Convergent adaptation in the dominant global hospital clone ST239 of methicillin-resistant Staphylococcus aureus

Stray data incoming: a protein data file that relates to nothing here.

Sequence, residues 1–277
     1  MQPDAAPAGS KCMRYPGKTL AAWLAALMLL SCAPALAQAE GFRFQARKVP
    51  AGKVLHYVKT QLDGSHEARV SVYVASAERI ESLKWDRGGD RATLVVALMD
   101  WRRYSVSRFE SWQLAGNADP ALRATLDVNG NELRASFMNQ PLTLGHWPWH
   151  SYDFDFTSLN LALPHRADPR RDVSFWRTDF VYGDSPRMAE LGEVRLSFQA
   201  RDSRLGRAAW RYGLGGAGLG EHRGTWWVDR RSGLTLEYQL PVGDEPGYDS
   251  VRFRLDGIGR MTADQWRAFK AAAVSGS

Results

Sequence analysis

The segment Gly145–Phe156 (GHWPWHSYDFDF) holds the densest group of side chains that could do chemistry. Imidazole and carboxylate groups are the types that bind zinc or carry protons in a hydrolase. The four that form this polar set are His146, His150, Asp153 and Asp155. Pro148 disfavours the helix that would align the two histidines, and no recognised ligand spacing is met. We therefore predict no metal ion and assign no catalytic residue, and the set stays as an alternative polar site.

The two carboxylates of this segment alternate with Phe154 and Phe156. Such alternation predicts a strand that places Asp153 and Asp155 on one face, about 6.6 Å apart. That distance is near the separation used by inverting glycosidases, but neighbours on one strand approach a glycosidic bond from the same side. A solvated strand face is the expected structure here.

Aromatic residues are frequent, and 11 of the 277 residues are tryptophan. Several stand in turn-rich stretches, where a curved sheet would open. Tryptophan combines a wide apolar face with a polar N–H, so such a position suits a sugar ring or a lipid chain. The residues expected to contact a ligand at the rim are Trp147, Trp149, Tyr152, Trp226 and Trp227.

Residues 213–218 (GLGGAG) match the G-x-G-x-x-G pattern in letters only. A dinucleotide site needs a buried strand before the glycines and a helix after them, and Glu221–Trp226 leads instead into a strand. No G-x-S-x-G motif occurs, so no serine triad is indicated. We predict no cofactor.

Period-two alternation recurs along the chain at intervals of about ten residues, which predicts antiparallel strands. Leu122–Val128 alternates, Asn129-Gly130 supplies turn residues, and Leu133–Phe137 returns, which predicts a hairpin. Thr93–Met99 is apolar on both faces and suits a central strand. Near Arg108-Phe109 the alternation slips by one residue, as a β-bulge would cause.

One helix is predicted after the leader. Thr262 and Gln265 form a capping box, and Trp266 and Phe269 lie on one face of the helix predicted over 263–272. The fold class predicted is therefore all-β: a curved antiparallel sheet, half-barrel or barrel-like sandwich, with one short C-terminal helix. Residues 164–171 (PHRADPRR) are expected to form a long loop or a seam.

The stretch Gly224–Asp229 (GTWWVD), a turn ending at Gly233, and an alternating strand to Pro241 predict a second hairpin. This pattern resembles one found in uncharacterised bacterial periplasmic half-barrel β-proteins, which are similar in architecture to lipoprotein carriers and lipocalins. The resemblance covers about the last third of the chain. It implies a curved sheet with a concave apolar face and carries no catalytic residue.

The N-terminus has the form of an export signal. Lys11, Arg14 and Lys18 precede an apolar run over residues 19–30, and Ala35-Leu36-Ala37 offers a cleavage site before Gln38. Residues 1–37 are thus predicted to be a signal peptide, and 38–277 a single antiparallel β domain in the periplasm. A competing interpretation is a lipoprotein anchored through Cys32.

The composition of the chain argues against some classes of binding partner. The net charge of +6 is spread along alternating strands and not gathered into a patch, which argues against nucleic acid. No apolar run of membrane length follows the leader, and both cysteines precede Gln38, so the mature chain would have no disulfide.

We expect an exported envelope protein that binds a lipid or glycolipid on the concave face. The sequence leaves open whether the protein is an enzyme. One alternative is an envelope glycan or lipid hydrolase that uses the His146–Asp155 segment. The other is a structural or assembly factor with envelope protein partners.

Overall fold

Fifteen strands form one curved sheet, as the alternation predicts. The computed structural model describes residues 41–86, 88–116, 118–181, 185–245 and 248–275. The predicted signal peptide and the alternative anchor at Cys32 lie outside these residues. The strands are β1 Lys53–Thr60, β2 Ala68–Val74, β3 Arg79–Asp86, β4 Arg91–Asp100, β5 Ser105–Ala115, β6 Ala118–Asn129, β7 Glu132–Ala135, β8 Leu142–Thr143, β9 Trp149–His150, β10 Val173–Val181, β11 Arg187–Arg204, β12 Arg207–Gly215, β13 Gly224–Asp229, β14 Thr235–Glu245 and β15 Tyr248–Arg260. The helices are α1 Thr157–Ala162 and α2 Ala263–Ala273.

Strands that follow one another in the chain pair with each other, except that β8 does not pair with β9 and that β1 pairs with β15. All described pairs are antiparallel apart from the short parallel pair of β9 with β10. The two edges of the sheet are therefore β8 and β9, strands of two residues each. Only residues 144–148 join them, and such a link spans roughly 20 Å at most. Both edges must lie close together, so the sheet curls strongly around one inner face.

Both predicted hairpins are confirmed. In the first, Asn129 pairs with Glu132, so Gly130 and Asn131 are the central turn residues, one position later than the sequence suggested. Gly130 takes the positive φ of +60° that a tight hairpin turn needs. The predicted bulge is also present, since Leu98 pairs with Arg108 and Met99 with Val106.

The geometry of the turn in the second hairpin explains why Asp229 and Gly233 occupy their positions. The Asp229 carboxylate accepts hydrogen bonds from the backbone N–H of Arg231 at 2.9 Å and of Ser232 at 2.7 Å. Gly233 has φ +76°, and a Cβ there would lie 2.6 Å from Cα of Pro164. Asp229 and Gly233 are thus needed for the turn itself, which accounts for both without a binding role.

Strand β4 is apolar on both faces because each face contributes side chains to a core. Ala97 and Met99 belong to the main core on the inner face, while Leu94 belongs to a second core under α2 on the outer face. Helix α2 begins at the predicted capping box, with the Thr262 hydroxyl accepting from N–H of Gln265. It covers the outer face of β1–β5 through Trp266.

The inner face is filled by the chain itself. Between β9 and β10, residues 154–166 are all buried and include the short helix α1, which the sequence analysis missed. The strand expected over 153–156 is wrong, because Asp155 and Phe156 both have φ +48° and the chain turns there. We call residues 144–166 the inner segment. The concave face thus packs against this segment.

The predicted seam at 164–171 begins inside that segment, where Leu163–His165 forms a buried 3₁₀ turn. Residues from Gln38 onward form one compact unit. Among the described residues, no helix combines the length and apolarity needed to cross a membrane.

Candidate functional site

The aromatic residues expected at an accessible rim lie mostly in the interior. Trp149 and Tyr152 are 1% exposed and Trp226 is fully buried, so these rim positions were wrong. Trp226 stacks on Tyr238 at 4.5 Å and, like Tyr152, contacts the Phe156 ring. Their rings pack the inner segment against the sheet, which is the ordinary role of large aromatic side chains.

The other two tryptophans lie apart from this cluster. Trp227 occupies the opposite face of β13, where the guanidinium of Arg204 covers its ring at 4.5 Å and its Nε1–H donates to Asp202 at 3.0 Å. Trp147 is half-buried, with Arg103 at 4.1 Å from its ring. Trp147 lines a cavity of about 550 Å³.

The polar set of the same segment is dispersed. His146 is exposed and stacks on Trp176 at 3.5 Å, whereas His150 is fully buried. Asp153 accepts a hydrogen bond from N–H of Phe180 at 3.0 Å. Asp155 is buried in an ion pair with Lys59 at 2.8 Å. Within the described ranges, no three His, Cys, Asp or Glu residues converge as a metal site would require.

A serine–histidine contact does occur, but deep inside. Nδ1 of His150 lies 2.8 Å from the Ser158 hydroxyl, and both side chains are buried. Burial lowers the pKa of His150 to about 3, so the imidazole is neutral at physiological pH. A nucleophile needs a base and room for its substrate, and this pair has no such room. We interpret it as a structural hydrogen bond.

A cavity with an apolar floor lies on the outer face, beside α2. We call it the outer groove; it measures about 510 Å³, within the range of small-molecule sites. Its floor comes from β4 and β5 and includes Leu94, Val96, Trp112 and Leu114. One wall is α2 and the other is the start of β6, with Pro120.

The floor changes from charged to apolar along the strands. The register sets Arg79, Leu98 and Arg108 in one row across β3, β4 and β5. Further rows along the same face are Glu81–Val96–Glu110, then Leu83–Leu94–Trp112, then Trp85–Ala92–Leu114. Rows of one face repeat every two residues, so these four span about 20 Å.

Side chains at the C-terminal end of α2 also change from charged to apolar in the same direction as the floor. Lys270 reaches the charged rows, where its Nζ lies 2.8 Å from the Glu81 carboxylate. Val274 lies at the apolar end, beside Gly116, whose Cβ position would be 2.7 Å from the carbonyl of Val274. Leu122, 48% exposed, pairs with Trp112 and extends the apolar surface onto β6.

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Infections caused by highly successful clones of hospital-associated methicillin-resistant Staphylococcus aureus (HAMRSA) are a major public health burden. The globally dominant sequence type 239 (ST239) HA-MRSA clone has persisted in the health care setting for decades, but the basis of its success has not been identified. Taking a collection of 123 ST239 isolates spanning 32 years, we have used population-based functional genomics to investigate the evolution of this highly persistent and successful clone. Phylogenetic reconstruction and population modeling uncovered a previously unrecognized distinct clade of ST239 that was introduced into Australia from Asia and has perpetuated the epidemic in this region. Functional analysis demonstrated attenuated virulence and enhanced resistance to last-line antimicrobials, the result of two different phenomena, adaptive evolution within the original Australian ST239 clade and the introduction of a new clade displaying shifts in both phenotypes. The genetic diversity between the clades allowed us to employ genome-wide association testing and identify mutations in other essential regulatory systems, including walKR, that significantly associate with and may explain these key phenotypes. The phenotypic convergence of two independently evolving ST239 clades highlights the very strong selective pressures acting on HA-MRSA, showing that hospital environments have favored the accumulation of mutations in essentialMRSAgenes that increase resistance to antimicrobials, attenuate virulence, and promote persistence in the health care environment. Combinations of comparative genomics and careful phenotypic measurements of longitudinal collections of clinical isolates are giving us the knowledge to intelligently address the impact of current and future antibiotic usage policies and practices on hospital pathogens globally. IMPORTANCE Methicillin-resistant Staphylococcus aureus (MRSA) is responsible for innumerable drug-resistant health careassociated infections globally. This study, the first to investigate the evolutionary response of hospital-associated MRSA (HAMRSA) over many decades, demonstrates how MRSA can persist in a region through the reintroduction of a previously unrecognized distinct clade. This study also demonstrates the crucial adaptive responses of HA-MRSA to the highly selective environment of the health care system, the evolution of MRSA isolates to even higher levels of antibiotic resistance at the cost of attenuated virulence. However, in vivo persistence is maintained, resulting in a clone of HA-MRSA able to resist almost all antimicrobial agents and still cause invasive disease in the heavily compromised hosts found in modern health care settings.
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